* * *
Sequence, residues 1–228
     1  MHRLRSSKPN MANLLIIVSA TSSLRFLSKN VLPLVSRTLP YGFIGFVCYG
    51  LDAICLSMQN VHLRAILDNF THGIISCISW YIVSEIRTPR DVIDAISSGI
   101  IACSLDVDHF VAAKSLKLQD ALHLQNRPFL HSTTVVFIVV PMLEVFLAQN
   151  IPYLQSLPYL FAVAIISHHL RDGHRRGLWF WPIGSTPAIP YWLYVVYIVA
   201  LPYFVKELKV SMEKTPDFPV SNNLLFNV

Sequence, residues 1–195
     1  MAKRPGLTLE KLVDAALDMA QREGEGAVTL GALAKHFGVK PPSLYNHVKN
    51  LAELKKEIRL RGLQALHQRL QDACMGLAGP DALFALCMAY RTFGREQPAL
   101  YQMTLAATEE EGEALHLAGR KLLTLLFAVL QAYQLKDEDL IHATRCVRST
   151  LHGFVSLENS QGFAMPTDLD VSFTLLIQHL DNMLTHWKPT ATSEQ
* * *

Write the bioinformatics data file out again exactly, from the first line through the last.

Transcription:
Sequence, residues 1–228
     1  MHRLRSSKPN MANLLIIVSA TSSLRFLSKN VLPLVSRTLP YGFIGFVCYG
    51  LDAICLSMQN VHLRAILDNF THGIISCISW YIVSEIRTPR DVIDAISSGI
   101  IACSLDVDHF VAAKSLKLQD ALHLQNRPFL HSTTVVFIVV PMLEVFLAQN
   151  IPYLQSLPYL FAVAIISHHL RDGHRRGLWF WPIGSTPAIP YWLYVVYIVA
   201  LPYFVKELKV SMEKTPDFPV SNNLLFNV

Sequence, residues 1–195
     1  MAKRPGLTLE KLVDAALDMA QREGEGAVTL GALAKHFGVK PPSLYNHVKN
    51  LAELKKEIRL RGLQALHQRL QDACMGLAGP DALFALCMAY RTFGREQPAL
   101  YQMTLAATEE EGEALHLAGR KLLTLLFAVL QAYQLKDEDL IHATRCVRST
   151  LHGFVSLENS QGFAMPTDLD VSFTLLIQHL DNMLTHWKPT ATSEQ